Tuesday, October 25, 2011

Arrival Part Two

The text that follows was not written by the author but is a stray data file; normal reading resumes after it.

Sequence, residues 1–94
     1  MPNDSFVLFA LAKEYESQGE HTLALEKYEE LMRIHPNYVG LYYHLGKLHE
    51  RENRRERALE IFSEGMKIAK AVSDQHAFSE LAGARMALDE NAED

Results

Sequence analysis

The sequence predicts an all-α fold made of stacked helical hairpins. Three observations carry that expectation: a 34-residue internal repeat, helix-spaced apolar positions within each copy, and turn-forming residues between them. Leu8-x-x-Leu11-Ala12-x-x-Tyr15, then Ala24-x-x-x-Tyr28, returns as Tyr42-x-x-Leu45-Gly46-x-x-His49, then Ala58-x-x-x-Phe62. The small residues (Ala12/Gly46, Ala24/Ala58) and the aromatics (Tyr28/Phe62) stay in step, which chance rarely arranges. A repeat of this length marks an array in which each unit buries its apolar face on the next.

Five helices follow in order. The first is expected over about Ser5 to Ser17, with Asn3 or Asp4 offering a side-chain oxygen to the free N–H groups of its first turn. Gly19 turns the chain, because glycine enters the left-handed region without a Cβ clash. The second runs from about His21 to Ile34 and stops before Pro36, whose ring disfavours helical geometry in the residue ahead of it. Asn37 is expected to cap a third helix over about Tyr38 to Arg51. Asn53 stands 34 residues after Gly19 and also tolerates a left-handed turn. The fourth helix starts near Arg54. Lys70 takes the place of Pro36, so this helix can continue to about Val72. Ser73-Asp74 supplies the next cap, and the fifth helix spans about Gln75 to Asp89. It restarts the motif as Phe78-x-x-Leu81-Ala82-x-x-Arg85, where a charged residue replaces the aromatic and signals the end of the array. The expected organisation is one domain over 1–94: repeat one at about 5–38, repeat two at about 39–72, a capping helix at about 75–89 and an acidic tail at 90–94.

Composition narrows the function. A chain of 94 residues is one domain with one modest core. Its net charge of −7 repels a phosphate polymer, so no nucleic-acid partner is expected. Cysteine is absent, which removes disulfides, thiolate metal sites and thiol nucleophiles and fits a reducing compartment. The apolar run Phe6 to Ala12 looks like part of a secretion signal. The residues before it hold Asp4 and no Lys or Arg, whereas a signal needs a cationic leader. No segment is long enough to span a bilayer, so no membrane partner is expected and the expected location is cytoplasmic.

Last night the drums dueled and the small children shimmied and the women sang long into the night. We arrived in Mapaki late, delayed by a missed ferry and breakdowns along the road. Smell of dust and diesel, hot, tired and thirsty (I’d left my stash of good water in Lungi), all was forgotten as soon as we stepped out into the evening’s dancing darkness. I’m still shaking off the dust and echoing the rhythms (sure there’s a samba call and response in there) as I continue to reflect on the changes I’m seeing. Freetown. Billboards promoting new internet capability along others warning of climate change. Power lines crisscross the city, connecting from a chain of towers from the distant Bumbuna hydro dam. While passing the poles that slowly snake their way to our chiefdom, I can’t help but remember Daniel’s dream that had been so carefully interpreted by the elders two years ago and expect that the advice of the elders is still relevant to all of us (welcome change but honour your past). The signboard for the “barefoot women solar power technicians” contrasting the expanding mining and biofuel projects was a welcome sight. As always, though, all is forgotten when in the presence of friends, big and small, here. Tonight we are celebrating Mabinty’s birthday with a taste of palm wine. I’m looking forward to spending the afternoon with Momi, recently returned from Freetown to run the nursery school. And all around, small children, all born since my first visit, are delighting in singing the songs and rhymes of the morning’s lesson. The scholarship volunteer teachers have all come to express thanks to those who helped them complete their program as do the secondary students. Daouda’s parents proudly shared that he came fourth in his class. Everywhere I go people enquire about the many visitors who have been to the community over the years and I’m asked to pass good wishes on to them. So for all of you out there, momo nu!